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Vasculitis: developing a new gene therapy for a rare inherited type of blood vessel inflammation

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Deficiency of adenosine deaminase 2 (DADA2) is a rare genetic type of vasculitis, a condition that causes inflammation and narrowing of the blood vessels. A child with the condition may experience serious complications such as strokes, heart attacks, and severe skin ulceration. Professor Despina Eleftheriou of UCL Great Ormond Street Institute of Child Health is aiming to develop a new gene therapy that could provide a cure for the condition. If successful, this could ultimately lead to a safer and better treatment for children with DADA2 – and lay the foundations for similar gene therapies for other inherited inflammatory illnesses in the future.

How are children’s lives affected now?

Deficiency of adenosine deaminase 2 (DADA2) is a rare inherited type of vasculitis. A child’s immune system mistakenly attacks their blood vessels, causing them to swell and narrow – and leads to continuous inflammation that can damage tissues and organs.

“While the first symptoms may be mild, a child may go on to develop more serious complications including repeated strokes, problems affecting the immune system, gut perforation and severe skin ulceration,” says Professor Eleftheriou.

DADA2 is caused by faults in a gene that helps to make an enzyme called ADA2, which plays an important role in supporting the lining of blood vessels – and in white blood cell development. Currently, there is no cure for the condition – but treatments are available that can help to reduce symptoms.

“Current treatments include drugs that can damp down the immune system – or, for some children, a bone marrow transplant,” says Professor Eleftheriou. “But these are not always effective and can sometimes have serious side effects.”

How could this research help?

“Our goal is to develop gene therapy as a safe and effective new treatment for children with DADA2,” says Professor Eleftheriou.

The approach involves taking blood stem cells (immature cells that can develop into all types of blood cells) from the patient, introducing a working copy of the ADA2 gene – and then transplanting them back into the patient’s body.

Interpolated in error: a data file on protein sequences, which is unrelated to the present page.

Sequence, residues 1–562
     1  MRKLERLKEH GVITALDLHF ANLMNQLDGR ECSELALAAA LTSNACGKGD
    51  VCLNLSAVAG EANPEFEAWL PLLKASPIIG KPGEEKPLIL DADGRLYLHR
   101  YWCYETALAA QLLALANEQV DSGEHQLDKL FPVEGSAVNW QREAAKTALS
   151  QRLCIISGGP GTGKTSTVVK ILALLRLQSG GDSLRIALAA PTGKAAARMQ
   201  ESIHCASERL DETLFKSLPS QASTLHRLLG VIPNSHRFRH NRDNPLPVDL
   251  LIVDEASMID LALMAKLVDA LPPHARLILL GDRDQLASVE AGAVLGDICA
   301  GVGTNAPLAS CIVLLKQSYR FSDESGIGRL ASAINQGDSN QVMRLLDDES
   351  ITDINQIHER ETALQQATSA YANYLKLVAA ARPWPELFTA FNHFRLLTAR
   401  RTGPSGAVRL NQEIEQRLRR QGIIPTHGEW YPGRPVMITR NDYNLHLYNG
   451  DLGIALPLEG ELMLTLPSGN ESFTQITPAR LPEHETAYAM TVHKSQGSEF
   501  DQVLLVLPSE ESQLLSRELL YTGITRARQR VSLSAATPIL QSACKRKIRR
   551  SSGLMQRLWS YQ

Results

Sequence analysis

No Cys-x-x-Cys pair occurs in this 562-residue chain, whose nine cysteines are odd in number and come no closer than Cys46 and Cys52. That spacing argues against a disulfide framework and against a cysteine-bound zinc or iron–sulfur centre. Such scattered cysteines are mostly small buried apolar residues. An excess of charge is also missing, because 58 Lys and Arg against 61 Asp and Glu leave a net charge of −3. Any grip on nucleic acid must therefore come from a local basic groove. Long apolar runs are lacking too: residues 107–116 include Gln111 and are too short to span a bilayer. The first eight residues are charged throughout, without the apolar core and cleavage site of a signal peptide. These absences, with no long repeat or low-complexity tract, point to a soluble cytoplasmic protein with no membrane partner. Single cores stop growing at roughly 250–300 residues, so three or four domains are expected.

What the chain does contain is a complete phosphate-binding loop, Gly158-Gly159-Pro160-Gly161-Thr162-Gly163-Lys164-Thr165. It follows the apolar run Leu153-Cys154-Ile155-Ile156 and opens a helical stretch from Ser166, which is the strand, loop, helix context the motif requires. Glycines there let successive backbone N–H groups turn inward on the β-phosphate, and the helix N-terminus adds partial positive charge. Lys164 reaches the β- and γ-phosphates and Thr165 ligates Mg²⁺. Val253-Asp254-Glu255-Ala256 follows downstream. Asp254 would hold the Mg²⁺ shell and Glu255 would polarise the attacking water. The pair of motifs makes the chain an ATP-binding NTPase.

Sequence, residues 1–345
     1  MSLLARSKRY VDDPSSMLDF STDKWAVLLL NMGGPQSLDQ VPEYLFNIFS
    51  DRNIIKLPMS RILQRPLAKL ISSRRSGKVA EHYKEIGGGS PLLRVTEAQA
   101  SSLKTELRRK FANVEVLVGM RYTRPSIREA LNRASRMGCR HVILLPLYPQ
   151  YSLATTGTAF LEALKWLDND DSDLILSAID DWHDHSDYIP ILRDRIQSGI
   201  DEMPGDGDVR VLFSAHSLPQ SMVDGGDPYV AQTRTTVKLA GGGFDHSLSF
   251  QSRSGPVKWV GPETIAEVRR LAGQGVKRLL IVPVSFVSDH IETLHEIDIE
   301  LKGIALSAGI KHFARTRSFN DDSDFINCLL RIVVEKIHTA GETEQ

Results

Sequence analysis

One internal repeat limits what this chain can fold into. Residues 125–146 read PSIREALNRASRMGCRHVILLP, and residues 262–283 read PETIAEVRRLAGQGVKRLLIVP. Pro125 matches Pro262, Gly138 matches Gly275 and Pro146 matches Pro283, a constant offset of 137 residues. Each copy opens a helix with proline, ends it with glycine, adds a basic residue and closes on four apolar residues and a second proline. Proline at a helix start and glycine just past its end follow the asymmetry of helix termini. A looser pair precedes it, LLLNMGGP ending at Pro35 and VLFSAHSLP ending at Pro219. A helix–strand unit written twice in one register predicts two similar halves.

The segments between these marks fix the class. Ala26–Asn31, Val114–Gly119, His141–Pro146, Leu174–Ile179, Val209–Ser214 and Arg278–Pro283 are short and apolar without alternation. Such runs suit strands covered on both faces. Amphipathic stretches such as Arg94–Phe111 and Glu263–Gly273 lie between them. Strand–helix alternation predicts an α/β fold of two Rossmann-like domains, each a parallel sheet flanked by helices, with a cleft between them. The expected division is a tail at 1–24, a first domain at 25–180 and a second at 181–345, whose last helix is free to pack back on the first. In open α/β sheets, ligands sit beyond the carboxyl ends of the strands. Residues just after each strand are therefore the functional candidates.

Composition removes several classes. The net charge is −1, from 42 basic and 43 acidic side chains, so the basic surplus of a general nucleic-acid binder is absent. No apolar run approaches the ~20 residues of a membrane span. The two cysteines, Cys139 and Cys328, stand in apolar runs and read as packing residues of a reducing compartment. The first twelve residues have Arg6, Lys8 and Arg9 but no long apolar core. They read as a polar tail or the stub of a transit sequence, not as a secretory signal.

“Building on encouraging results from previous experiments, we will first investigate the best way of getting the gene into patient blood stem cells in the laboratory,” says Professor Eleftheriou.

The researchers will then transplant treated blood stem cells into a laboratory model and evaluate the effects on the body.

“We hope our results will guide the development of an international programme of research into gene therapy for children with DADA2.” says Professor Eleftheriou.

If the approach is successful for this condition, it could ultimately lead to the development of similar treatments for children with other inherited inflammatory diseases.

Professor Eleftheriou
Project Leader Professor Despina Eleftheriou, MB BS MRPCH PhD
Location Department of Infection, Inflammation and Rheumatology, UCL Great Ormond Street Institute of Child Health
Project Team Professor Paul A Brogan, MB ChB MSc BSc FRCPCH PhD
Dr Ying Hong, BSc MSc PhD
Professor Adrian Thrasher, MB PhD FMedSci PhD
Professor Helen Lachmann, MB BS MD
Professor Philip Hawkins, PhD FMedSci
Dr Ebun Omoyinmi, PhD
Other Locations Department of Molecular Immunology, UCL Great Ormond Street Institute of Child Health
National Amyloidosis Centre, UCL Royal Free Hospital Campus, University College London
Grant Amount £177,915
Duration 24 months
Grant Code (GN number) GN2864

 

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